Powers, Matthew


Office Location: 
Snell 403
Email Address: 
Curriculum Vitae: 

PhD, 2008, Forest Science, Michigan Technological University

MS, 2005, Forest Ecology and Management, Michigan Technological University

BS, 2002, Biology, Ball State University

Areas of Interest: 
  • Silviculture in a world of global change and shifting management objectives
  • Forest vegetation dynamics
  • Ecophysiology of different stand structures
  • Ecological forestry
Graduate Students: Alexis Gunsolus (MF Graduate, 2018), Sean Marcum (MS), Carli Morgan (MF), and Neil Williams (PhD)

Research Interests:

Silviculture is a discipline focused on meeting diverse and shifting management objectives ranging from promoting sustainable wood or biomass production to conserving biodiversity, altering wildfire activity, promoting adaptation to climate change, and increasing carbon storage.   My research revolves around understanding how different silvicultural practices influence changes in forest structure and function so we can evaluate potential tradeoffs among these diverse objectives.

My specific research interests focus on understanding how processes related to forest growth, productivity, and stand development respond to management activities or disturbances that create different stand structures.  I am particularly interested in understanding the mechanisms that drive stand development following management activities and other disturbances that create spatial complexity in forests, but I am generally interested in any research that investigates the impacts of different management activities on basic processes that influence patterns of forest growth and stand dynamics.

Recent Publications: 

Handler, S.D., C.W. Swanston, P.R. Butler, L.A .Brandt, M.K. Janowiak, M.D. Powers, and P.D. Dutton. 2012. Climate change vulnerabilities within the forestry sector for the Midwestern United States. In: Midwest Technical Input Report to the 2013 National Climate Assessment. In press.

Powers, MD, Kolka, RK, Bradford, JB, Palik, BJ, Fraver, S, and Jurgensen, MF. 2012. Carbon stocks across a chronosequence of thinned and unmanaged red pine (Pinus resinosa) stands. Ecological Applications 22(4): 1297-1307.

Kolka, RK, Steber, A, Brooks, KN, Perry, CH, and Powers, MD. 2012. Harvest season, soil texture and landscape position effects on soil compaction in northern Minnesota aspen harvests.  Northern Journal of Applied Forestry 29(1): 21-25.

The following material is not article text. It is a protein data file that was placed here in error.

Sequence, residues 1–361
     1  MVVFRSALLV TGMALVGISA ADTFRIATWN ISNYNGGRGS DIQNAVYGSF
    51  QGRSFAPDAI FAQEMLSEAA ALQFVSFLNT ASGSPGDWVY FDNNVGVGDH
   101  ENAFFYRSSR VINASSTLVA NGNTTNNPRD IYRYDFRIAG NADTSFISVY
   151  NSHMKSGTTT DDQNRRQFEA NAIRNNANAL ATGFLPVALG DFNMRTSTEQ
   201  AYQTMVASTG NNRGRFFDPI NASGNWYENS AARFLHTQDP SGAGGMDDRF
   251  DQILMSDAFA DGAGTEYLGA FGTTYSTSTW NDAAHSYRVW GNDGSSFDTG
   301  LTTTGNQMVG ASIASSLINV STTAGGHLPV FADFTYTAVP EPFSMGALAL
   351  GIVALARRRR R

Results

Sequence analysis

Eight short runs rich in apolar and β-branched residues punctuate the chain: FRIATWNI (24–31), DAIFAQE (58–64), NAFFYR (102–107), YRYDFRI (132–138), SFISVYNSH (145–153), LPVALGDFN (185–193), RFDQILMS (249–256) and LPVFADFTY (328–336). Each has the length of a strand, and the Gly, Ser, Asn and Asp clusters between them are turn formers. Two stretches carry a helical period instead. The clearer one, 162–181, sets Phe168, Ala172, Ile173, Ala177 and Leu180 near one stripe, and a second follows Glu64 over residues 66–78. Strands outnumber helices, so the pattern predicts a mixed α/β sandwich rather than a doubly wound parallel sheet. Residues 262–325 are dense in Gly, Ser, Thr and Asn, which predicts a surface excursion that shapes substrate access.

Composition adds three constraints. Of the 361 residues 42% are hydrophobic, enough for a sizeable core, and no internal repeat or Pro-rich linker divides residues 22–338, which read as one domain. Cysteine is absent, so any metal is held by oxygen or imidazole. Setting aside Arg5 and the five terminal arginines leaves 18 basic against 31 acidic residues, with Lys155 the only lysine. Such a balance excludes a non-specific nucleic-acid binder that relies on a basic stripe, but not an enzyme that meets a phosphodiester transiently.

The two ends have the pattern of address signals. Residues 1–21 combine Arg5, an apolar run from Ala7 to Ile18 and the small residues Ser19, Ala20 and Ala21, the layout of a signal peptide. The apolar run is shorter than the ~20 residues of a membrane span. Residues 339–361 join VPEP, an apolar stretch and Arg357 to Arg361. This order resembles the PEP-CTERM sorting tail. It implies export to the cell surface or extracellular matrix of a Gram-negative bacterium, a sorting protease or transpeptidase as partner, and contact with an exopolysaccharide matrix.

Powers, MD, Kolka, RK, Palik, BJ, McDonald, R, and Jurgensen, M. 2011. Long-term management implications on carbon storage in Lake States forests.  Forest Ecology and Management. 262: 424-431.

Powers, MD, Pregitzer, KS, Palik, BJ, Webster, CR. 2011. The physiological basis for regeneration response to variable retention harvest treatments in three pine species. Forestry. 84(1): 13-22.

Powers, MD, Palik, BJ, Bradford, JB, Fraver, S, Webster, CR. 2010. Thinning method and intensity influence long-term mortality trends in a red pine forest. Forest Ecology and Management. 260: 1138-1148.

Powers, MD, Pregitzer, KS, Palik, BJ, and Webster, CR. 2010. Wood δ13C, δ18O, and radial growth responses of residual red pine to variable retention harvesting. Tree Physiology. 30(3): 326-334.

Powers, MD, Pregitzer, KS, Palik, BJ, and Webster, CR. 2009. Water relations of pine seedlings in contrasting overstory environments. Forest Ecology and Management. 258: 1442-1448.

Powers, MD, and Nagel, LM. 2009. Pennsylvania sedge cover, forest management, and deer density influence tree regeneration dynamics in a northern hardwood forest. Forestry. 82(3): 241-254.

Powers, MD, Webster, CR, Pregitzer, KS, and Palik, BJ. 2009. Spatial dynamics of radial growth and growth efficiency in residual Pinus resinosa following aggregated retention harvesting.  Canadian Journal of Forest Research. 39(1): 109-117.

Powers, MD, Pregitzer, KS, and Palik, BJ. 2008. Physiological performance of three pine species provides evidence for gap partitioning.  Forest Ecology and Management. 256: 2127-2135.